Central nervous system thrombosis in pediatric acute lymphoblastic leukemia in Turkey: A multicenter study

Guzelkucuk Z., YILMAZ KARAPINAR D., AYLAN GELEN S., Tokgoz H., ÖZCAN A., AY Y., ...More

PEDIATRIC BLOOD & CANCER, vol.70, no.8, 2023 (SCI-Expanded) identifier identifier identifier

  • Publication Type: Article / Article
  • Volume: 70 Issue: 8
  • Publication Date: 2023
  • Doi Number: 10.1002/pbc.30425
  • Journal Indexes: Science Citation Index Expanded (SCI-EXPANDED), Scopus, BIOSIS, Biotechnology Research Abstracts, CAB Abstracts, CINAHL, EMBASE, MEDLINE, Veterinary Science Database
  • Keywords: acute lymphoblastic leukemia, central nervous system, thrombosis
  • Gazi University Affiliated: Yes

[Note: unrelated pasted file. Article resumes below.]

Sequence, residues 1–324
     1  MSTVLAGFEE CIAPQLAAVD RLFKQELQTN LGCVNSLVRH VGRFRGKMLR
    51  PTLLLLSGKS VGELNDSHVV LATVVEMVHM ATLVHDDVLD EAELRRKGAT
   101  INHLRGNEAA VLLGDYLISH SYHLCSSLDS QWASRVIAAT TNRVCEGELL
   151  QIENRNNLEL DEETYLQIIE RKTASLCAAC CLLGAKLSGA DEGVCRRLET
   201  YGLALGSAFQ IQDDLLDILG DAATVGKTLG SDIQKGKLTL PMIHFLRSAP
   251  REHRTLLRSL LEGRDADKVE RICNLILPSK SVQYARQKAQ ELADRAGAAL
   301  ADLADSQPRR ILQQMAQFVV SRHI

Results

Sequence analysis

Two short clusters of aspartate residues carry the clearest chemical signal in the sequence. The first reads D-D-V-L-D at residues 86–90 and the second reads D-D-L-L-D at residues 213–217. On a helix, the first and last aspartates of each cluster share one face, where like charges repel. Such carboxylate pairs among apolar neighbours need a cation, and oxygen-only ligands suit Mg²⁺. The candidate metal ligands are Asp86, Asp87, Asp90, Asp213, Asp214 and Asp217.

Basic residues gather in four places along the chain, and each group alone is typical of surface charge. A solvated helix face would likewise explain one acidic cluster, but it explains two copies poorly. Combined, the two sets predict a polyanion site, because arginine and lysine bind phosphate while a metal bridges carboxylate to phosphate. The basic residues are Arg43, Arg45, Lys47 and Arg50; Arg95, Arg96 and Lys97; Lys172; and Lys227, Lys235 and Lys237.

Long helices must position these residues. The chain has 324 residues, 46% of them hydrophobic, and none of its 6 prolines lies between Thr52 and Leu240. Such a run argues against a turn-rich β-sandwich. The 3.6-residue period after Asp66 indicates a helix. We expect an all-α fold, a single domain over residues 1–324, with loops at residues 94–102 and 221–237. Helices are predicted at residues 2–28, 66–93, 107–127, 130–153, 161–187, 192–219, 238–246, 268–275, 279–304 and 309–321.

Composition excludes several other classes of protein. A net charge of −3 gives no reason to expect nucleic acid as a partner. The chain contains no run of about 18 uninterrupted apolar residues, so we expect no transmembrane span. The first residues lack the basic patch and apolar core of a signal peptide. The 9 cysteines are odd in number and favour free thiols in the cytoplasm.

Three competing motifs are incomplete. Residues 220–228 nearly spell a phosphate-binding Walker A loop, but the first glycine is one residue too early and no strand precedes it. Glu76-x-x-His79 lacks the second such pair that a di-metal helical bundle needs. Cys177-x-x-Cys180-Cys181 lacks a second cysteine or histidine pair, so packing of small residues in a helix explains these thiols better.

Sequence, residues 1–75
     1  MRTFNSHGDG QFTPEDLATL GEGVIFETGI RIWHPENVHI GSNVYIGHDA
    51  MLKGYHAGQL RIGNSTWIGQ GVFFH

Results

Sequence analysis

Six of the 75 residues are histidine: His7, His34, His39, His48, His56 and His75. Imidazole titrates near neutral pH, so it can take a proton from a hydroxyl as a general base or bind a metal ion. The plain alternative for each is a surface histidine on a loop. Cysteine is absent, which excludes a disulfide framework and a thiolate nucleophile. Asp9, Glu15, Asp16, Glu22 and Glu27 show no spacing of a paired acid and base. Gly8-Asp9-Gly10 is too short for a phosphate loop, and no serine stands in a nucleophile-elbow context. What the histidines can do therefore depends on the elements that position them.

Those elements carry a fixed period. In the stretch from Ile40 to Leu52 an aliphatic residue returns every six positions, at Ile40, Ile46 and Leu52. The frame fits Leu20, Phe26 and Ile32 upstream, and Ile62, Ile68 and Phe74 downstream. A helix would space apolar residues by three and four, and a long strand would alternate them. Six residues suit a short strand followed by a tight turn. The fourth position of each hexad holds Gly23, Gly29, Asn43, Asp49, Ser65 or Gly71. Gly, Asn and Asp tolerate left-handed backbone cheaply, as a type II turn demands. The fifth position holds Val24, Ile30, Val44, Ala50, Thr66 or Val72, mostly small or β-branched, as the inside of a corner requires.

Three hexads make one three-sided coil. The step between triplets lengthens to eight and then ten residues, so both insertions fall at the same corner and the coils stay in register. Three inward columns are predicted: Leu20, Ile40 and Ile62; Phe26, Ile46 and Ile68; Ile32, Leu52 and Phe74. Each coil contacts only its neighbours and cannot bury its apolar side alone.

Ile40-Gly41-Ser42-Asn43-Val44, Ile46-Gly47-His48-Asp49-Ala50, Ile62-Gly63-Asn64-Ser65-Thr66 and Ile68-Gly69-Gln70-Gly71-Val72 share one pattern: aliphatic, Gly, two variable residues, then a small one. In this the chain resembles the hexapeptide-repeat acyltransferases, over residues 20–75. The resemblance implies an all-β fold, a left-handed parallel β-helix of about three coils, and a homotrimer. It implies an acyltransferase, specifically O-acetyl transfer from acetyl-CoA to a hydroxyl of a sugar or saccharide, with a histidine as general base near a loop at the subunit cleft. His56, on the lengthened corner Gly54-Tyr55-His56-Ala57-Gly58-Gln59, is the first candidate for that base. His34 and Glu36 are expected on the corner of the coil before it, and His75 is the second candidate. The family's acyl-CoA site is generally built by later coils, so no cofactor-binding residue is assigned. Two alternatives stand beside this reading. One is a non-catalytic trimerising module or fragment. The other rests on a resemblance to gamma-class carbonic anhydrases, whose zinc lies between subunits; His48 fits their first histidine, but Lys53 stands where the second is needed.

BackgroundIn patients with acute lymphoblastic leukemia (ALL), the risk of thromboembolism increases due to hemostatic changes secondary to the primary disease and due to treatment-related factors. In this multicenter study, we aimed to research the frequency of central nervous system (CNS) thrombosis occurring during treatment, hereditary and acquired risk factors, clinical and laboratory features of patients with thrombosis, treatment approaches, and thrombosis-related mortality and morbidity rates in pediatric ALL patients. ProcedurePediatric patients who developed CNS thrombosis during ALL treatment from 2010 to 2021 were analyzed retrospectively in 25 different Pediatric Hematology Oncology centers in Turkiye. The demographic characteristics of the patients, symptoms associated with thrombosis, the stage of the leukemia treatment during thrombosis, the anticoagulant therapy applied for thrombosis, and the final status of the patients recorded through electronic medical records were determined. ResultsData from 70 patients with CNS thrombosis during treatment, out of 3968 pediatric patients with ALL, were reviewed. The incidence of CNS thrombosis was 1.8% (venous: 1.5 %; arterial: 0.03%). Among patients with CNS thrombosis, 47 had the event in the first 2 months. Low molecular weight heparin (LMWH) was the most commonly used treatment with a median of 6 months (min-max: 3-28 months). No treatment-related complications occurred. Chronic thrombosis findings occurred in four patients (6%). In five (7%) patients who developed cerebral vein thrombosis, neurological sequelae (epilepsy and neurological deficit) remained. One patient died related to thrombosis, and the mortality rate was 1.4%. ConclusionCerebral venous thrombosis and, less frequently, cerebral arterial thrombosis may develop in patients with ALL. The incidence of CNS thrombosis is higher during induction therapy than during other courses of treatment. Therefore, patients receiving induction therapy should be monitored carefully for clinical findings suggestive of CNS thrombosis.